During the October 21- November 5, 2022 visit to the DESY research center in Zeuthen, Germany, Armenian scientists from the Cosmic Ray Division (CRD),
Yerevan Physics Institute reassembled the SEVAN (Space Environment Viewing and Analysis Network) detector. They prepared the Armenian-designed instrument for installation at Zugspitze Mountain in the Bavarian Alps, the highest summit of Germany. Modification of SEVAN, the so-called SEVAN-light instrument, is supported by new electronics, which was tuned and tested during the visit. New electronics will allow not only count rates of electrons, gamma rays, muons, and neutrons to be measured but also their energy spectra. Currently SEVAN is operated in the experimental hall on the first floor of the main building in Zeuthen, waiting to measure changes in the energy spectra during Forbush Decreases (FDs, a significant depletion of the particle flux due to fierce solar bursts). Also, the high-voltages and energy thresholds of the 3 channels of the SEVAN detector currently located at DESY, Hamburg, were fine-tuned.
Many species of elementary particles are created in the terrestrial atmosphere by high-energy protons and fully-stripped nuclei accelerated by galactic and extragalactic sources and by the sun. The sun is a tremendously variable object, capable of modulating the fluxes of the Galactic cosmic rays and sending intense fluxes of Solar Cosmic Rays in the earth’s direction. Because of the sun’s proximity, the effects of the changing fluxes can have a major influence on the earth, including climate, safety, and other areas. SEVAN carefully detects these fluxes, recovers energy spectra, and issues alerts on dangerous consequences of space and terrestrial weather, as well as on radiation doses and very strong electric fields, which occur periodically during thunderstorms. Solar, Astroparticle, and Atmospheric physics are synergistically connected and need to exchange data for the explanation of particle bursts and for revealing the influence of solar flares, violent explosions in the galaxy and beyond, as well as the influence of the atmospheric electric fields on the fluxes of secondary cosmic rays registered on the earth’s surface.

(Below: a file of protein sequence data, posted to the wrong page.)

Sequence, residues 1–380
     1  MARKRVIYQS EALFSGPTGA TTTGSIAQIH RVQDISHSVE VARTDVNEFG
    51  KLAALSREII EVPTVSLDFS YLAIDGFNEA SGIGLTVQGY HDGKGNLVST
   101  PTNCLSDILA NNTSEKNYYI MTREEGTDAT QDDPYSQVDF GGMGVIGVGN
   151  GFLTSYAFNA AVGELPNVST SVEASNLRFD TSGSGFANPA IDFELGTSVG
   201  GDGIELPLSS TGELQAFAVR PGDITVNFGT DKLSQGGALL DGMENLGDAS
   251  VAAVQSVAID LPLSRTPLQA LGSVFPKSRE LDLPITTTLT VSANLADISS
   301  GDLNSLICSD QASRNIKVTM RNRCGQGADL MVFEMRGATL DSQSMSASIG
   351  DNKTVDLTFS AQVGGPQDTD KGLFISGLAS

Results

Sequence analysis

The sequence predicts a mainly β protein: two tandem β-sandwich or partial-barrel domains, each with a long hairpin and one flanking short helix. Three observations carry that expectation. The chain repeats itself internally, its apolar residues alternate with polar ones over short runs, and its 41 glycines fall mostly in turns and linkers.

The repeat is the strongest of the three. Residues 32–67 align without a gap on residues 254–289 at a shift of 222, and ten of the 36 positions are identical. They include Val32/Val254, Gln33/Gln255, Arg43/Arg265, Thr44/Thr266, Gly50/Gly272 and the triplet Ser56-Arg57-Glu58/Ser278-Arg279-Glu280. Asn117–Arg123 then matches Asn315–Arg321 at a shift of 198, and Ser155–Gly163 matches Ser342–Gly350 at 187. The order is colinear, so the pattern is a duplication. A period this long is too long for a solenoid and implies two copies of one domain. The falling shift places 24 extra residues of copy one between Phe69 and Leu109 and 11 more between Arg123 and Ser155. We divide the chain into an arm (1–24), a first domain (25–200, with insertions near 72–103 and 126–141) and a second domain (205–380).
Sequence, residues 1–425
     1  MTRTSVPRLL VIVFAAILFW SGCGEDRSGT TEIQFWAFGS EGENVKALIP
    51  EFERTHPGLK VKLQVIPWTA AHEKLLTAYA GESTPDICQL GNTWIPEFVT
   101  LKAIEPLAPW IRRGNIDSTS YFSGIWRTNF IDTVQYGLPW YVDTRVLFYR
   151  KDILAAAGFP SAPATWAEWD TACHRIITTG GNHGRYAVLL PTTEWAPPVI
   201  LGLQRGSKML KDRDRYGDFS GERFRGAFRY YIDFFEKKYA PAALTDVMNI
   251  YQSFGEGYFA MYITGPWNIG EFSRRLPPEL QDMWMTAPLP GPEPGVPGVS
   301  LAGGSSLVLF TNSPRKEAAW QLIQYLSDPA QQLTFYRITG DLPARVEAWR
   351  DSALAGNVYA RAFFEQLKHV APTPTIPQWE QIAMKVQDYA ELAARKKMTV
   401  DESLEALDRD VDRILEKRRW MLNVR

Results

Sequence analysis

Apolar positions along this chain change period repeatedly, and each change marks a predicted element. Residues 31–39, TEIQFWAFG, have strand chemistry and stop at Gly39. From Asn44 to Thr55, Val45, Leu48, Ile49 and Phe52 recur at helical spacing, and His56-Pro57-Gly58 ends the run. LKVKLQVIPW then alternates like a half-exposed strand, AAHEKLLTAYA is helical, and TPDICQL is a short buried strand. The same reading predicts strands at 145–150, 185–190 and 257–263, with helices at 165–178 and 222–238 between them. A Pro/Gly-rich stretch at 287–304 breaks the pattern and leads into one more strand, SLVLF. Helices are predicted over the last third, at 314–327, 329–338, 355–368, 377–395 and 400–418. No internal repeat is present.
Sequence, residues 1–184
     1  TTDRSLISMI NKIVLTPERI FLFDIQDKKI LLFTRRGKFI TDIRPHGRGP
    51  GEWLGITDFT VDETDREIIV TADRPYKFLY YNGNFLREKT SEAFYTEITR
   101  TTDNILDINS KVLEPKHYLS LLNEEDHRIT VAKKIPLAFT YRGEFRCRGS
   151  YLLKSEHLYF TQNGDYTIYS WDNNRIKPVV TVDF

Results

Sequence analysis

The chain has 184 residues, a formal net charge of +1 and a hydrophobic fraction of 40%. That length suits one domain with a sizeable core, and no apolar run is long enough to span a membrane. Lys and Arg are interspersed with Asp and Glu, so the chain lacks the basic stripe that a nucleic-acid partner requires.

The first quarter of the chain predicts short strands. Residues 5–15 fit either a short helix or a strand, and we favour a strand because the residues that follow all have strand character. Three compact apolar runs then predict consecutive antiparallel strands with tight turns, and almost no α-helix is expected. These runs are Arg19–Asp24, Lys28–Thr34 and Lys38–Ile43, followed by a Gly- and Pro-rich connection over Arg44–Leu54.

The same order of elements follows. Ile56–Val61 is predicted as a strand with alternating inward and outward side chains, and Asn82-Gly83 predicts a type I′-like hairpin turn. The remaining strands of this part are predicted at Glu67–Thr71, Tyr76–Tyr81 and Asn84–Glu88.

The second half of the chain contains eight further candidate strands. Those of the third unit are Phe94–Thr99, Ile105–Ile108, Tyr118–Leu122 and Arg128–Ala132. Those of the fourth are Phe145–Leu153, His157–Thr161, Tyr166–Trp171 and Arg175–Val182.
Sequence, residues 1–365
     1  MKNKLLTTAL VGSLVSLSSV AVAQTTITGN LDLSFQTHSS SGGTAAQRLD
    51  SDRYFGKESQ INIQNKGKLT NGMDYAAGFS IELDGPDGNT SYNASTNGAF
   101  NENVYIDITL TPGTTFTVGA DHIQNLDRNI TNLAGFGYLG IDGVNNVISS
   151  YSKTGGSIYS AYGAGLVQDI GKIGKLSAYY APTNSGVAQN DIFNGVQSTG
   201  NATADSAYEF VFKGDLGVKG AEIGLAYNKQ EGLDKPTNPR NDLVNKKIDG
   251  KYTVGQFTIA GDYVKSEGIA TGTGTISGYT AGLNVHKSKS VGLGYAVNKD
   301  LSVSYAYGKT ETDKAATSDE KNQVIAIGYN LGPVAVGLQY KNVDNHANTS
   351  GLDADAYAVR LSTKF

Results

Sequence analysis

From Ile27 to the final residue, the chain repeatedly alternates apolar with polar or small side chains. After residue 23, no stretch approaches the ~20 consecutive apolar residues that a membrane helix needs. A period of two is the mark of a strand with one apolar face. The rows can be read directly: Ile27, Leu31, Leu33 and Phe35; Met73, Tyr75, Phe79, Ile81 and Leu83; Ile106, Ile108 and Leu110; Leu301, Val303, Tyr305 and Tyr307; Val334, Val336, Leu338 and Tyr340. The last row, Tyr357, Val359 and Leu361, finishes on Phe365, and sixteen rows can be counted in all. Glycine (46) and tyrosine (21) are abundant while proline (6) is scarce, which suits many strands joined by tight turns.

The SEVAN network aims to improve fundamental research on particle acceleration in the vicinity of the sun, space weather effects, high-energy physics in the atmosphere, and lightning physics. SEVAN units measure fluxes of most species of secondary cosmic rays, thus being a powerful integrated device for the exploration of solar and atmospheric modulation effects. The SEVAN modules are operating at the Aragats Space Environmental Center (ASEC) in Armenia, Bulgaria, Croatia, the Czech Republic, Germany, and Slovakia. The synergy of all areas of high-energy physics will open new areas of research for better understanding and developing physics of the geo-space. Geophysical research is becoming more and more important in the coming decades of rapidly rising natural disasters.
Source: Joseph Dagdigian Harvard, MA